As I noted in a previous piece on the stealthy Zumwalt-class guided-missile destroyers (DDGs), the name of Admiral Elmo Russell Zumwalt Jr. is a revered one in the annals of U.S. Navy history, and with darn good reason.
Elmo Zumwalt was the youngest-ever chief of naval operations. Zumwalt was 49 when he was tabbed for the position in July 1970, and he proved himself more than worthy of the job. His laundry list of accomplishments during four years in the office ranged from championing the F-14 Tomcat as the U.S. Navy’s replacement for the F-4 Phantom II; overseeing the creation of the Ohio-class ballistic missile submarines; commissioning the Oliver Hazard Perry-class guided-missile frigates; and introducing the so-called Z-grams, such as Z-66 and Z-116, which were geared toward creating greater opportunities in the Navy for minorities and women, respectively.
Alas, it has been reasonable to wonder whether the warship class named in Zumwalt’s honor is worthy of his legacy — and whether it is worth taxpayer dollars. However, the Zumwalts now have a chance to redeem themselves, thanks to the addition of hypersonic missiles.
Zumwalt-Class Early History and Specifications
Hard to believe as it may seem, these ships were intended to assume the role previously fulfilled by battleships in meeting a Congressional mandate for naval fire support. Appropriately, the first ship of the class is the USS Zumwalt (DDG-1000), which had her keel laid in November 2011, followed by her launch in October 2013, commissioning in October 2016, and official acceptance by the U.S. Navy at her homeport in San Diego, California, in April 2020.
Next came the USS Michael Monsoor (DDG-1001), named after a Navy SEAL who fought and died bravely during the Iraq War and was posthumously awarded the Medal of Honor. This vessel was commissioned in January 2019 and participated in RIMPAC 2022.
Lastly, there is the USS Lyndon B. Johnson (DDG-1002), which launched in December 2018 but still awaits commissioning.
Specifications for the class include a displacement of 15,907 tons, a hull length of 610 feet, a beam width of 80.7 feet, and a draft of 27.6 feet. As a major bonus, the old-school tumblehome hull design results in a stealth ship with radar cross-sections comparable to a fishing boat.
The two Rolls-Royce MT30 Marine Gas Turbine engines power the Zumwalts through the waves at a max speed of 30 knots (35 mph). Crew complement consists of 147 commissioned officers and enlisted sailors, plus 28 in a hypothetical air detachment.
As for the armament, it starts with two 30mm Mk 46 Mod 2 Gun Weapon Systems, AKA the Mk44 Bushmaster II chain gun. From there, these destroyers pack twenty Mk 57 vertical launch system modules. Each module holds four cells, netting a total 80 launch cells.
Worth Their Weight in Gold or Waste of Taxpayer Dollars?
The next system is where the problems start — both technical problems and concerns about wasteful government spending. The BAE-built Advanced Gun System consists of two 155mm guns (6.1 inches), which on paper are a definite increase in power from the 5-inch (127mm) main guns that have been standard armament on Navy destroyers for many years.
In reality, as my colleague Sebastien Roblin put it, “The Zumwalt’s Advanced Gun System didn’t even work that well, with two-thirds the forecast range (around 70 miles). Furthermore, its rocket-boosted LRLAP GPS-guided shells cost $800,000 each—nearly as expensive as more precise, longer-range and harder-hitting cruise missiles.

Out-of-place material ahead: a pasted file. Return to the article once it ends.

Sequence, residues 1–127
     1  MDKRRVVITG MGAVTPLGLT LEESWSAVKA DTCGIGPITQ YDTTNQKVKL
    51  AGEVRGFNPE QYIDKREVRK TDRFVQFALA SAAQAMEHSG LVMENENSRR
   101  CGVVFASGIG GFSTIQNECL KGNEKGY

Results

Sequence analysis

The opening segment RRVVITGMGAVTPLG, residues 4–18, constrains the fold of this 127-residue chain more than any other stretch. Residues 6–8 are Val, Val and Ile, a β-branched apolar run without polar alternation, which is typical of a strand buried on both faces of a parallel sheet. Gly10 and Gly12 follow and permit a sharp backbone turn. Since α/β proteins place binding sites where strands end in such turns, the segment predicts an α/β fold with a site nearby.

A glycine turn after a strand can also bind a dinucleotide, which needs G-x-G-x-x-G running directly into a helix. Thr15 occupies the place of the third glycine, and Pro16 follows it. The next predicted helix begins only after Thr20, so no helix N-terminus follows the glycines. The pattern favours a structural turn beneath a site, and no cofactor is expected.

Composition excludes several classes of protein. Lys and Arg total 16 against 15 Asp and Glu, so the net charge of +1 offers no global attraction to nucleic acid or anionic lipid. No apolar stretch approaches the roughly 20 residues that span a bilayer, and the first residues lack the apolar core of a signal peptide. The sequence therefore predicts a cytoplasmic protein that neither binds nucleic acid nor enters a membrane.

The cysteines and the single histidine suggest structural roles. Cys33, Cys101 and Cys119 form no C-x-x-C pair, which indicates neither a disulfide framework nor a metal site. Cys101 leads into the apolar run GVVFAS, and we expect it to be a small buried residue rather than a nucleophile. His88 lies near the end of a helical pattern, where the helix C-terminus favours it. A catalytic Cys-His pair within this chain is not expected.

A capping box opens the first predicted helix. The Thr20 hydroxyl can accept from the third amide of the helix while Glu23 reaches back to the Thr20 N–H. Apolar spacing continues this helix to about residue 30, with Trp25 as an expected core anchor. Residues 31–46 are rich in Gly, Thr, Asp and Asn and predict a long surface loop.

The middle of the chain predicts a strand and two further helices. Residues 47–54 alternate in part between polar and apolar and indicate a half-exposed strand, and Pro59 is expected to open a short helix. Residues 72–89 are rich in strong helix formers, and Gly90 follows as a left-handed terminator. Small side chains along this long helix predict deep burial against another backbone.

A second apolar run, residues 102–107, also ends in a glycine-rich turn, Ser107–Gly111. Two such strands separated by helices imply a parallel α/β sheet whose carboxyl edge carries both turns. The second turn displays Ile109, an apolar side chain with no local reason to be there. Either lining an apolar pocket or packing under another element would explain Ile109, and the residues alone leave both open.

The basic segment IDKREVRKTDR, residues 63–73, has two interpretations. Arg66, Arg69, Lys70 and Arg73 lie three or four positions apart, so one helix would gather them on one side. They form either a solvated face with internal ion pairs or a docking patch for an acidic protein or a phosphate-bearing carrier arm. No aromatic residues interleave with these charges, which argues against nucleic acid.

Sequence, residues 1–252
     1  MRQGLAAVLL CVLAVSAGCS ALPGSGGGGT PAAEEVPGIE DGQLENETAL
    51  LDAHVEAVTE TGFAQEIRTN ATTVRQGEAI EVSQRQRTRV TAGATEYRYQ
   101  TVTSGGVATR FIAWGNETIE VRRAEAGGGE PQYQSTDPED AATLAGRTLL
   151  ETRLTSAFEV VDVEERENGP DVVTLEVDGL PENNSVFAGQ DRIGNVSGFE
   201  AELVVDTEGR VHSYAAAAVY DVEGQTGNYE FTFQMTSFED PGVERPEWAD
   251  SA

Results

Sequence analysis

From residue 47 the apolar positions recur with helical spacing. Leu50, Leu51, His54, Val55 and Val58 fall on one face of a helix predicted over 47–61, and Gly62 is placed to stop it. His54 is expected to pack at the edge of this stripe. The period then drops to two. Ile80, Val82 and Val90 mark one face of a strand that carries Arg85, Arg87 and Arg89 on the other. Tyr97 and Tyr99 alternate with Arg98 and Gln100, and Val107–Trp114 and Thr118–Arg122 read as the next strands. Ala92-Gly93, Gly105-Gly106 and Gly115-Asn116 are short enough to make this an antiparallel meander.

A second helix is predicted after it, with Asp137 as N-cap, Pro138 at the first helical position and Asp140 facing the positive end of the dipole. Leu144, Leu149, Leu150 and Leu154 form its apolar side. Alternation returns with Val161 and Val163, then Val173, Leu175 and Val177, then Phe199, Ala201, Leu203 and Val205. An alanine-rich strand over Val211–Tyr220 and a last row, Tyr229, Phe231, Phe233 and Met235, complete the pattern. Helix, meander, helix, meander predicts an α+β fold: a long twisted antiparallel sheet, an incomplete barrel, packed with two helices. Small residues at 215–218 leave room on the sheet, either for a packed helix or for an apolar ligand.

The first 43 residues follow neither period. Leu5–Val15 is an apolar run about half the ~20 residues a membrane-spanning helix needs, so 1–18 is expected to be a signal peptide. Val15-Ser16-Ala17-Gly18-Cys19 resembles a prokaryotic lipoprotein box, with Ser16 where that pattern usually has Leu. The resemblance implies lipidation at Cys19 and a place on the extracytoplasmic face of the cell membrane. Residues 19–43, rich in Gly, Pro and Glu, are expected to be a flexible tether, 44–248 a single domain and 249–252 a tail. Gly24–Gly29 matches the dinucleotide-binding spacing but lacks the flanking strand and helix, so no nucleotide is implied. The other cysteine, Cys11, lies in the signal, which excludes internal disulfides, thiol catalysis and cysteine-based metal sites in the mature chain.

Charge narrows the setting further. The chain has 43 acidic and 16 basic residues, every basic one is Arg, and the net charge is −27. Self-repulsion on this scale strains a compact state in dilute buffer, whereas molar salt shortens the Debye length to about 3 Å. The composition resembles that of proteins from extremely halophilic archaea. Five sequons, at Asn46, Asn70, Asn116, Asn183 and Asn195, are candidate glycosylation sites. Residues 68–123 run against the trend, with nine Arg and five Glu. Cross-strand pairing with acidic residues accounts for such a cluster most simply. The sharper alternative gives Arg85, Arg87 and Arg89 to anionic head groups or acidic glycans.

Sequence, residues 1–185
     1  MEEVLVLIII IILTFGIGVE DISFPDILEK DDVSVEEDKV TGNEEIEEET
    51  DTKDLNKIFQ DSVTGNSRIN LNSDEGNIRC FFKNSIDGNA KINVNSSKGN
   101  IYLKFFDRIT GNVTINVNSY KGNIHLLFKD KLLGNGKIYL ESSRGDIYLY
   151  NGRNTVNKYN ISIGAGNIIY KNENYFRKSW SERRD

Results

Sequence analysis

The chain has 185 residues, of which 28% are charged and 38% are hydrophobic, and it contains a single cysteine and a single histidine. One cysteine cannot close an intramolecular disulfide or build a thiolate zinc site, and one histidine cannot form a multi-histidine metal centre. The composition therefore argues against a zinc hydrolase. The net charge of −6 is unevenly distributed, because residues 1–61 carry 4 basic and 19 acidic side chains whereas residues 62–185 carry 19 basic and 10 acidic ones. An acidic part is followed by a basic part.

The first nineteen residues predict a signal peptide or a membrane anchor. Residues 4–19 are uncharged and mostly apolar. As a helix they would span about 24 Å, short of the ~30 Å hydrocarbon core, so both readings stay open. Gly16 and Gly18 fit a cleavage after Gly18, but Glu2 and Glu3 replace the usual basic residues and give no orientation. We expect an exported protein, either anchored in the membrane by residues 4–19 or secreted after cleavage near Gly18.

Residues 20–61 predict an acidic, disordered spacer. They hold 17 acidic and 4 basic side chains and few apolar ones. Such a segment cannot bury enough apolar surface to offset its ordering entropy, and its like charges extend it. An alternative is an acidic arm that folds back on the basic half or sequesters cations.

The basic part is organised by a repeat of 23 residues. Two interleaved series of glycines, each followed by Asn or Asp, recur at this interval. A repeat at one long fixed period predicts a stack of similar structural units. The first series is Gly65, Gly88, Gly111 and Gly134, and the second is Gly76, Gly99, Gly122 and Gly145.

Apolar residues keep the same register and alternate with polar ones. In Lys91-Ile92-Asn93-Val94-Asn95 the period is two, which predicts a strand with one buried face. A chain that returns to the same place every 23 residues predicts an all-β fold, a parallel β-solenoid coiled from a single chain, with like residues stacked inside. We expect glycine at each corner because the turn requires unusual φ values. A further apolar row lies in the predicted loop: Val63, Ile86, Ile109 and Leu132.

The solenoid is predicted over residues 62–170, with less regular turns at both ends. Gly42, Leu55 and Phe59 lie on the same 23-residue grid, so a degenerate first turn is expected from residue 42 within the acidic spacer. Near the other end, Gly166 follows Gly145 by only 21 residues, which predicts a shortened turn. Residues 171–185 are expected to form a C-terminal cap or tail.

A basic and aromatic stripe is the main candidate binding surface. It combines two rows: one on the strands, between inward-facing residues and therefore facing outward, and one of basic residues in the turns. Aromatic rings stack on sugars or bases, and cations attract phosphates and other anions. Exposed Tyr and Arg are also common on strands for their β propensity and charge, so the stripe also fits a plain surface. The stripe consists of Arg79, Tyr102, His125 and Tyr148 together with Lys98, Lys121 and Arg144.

The Navy finally canceled the insanely expensive munitions, leaving the Zumwalt with two huge guns it can’t fire.”
Ominously for the future of the warship class, only three out of the originally planned 32 ships were built. The rest were canceled.
A Hypersonic Lease on Life
Luckily, hypersonic weapons now give us cause to take a second look at the Zumwalt class. This comes not a moment too soon, given how the Russians and Chinese are running riot with their own hypersonic missiles. As noted by a Lockheed Martin press release quoted by Naval News on Feb. 18:
“The U.S. Navy awarded Lockheed Martin a contract worth more than $2 billion, if all options are exercised, to integrate the Conventional Prompt Strike (CPS) weapon system onto ZUMWALT-class guided missile destroyers. CPS is a hypersonic boost-glide weapon system that enables long range missile flight at speeds greater than Mach 5, with high survivability against enemy defenses…The combination of the CPS capability, and the stealth and mobility of the ZUMWALT-class destroyer, will provide the nation’s first sea-based hypersonic strike capability.”
The article concludes by reporting that the Navy plans to perform a hypersonic missile test shot off the USS Zumwalt in December 2025.
Time will tell whether the test will help assure the survival of the Zumwalt class, or hasten the ships’ demise.
Christian D. Orr is a former Air Force Security Forces officer, Federal law enforcement officer, and private military contractor (with assignments worked in Iraq, the United Arab Emirates, Kosovo, Japan, Germany, and the Pentagon). Chris holds a B.A. in International Relations from the University of Southern California (USC) and an M.A. in Intelligence Studies (concentration in Terrorism Studies) from American Military University (AMU). He has also been published in The Daily Torch and The Journal of Intelligence and Cyber Security. Last but not least, he is a Companion of the Order of the Naval Order of the United States (NOUS). In his spare time, he enjoys shooting, dining out, cigars, Irish and British pubs, travel, USC Trojans college football, and Washington DC professional sports.